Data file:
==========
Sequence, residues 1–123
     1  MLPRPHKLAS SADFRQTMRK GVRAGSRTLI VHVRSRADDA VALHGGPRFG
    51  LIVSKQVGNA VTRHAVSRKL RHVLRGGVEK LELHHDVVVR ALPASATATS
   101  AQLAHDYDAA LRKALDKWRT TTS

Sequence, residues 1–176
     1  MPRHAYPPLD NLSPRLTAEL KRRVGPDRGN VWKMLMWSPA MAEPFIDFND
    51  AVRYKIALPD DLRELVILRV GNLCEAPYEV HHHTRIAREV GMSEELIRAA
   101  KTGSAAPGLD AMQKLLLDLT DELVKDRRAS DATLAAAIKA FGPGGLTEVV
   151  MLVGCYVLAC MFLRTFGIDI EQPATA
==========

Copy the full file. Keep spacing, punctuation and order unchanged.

Sequence, residues 1–123
     1  MLPRPHKLAS SADFRQTMRK GVRAGSRTLI VHVRSRADDA VALHGGPRFG
    51  LIVSKQVGNA VTRHAVSRKL RHVLRGGVEK LELHHDVVVR ALPASATATS
   101  AQLAHDYDAA LRKALDKWRT TTS

Sequence, residues 1–176
     1  MPRHAYPPLD NLSPRLTAEL KRRVGPDRGN VWKMLMWSPA MAEPFIDFND
    51  AVRYKIALPD DLRELVILRV GNLCEAPYEV HHHTRIAREV GMSEELIRAA
   101  KTGSAAPGLD AMQKLLLDLT DELVKDRRAS DATLAAAIKA FGPGGLTEVV
   151  MLVGCYVLAC MFLRTFGIDI EQPATA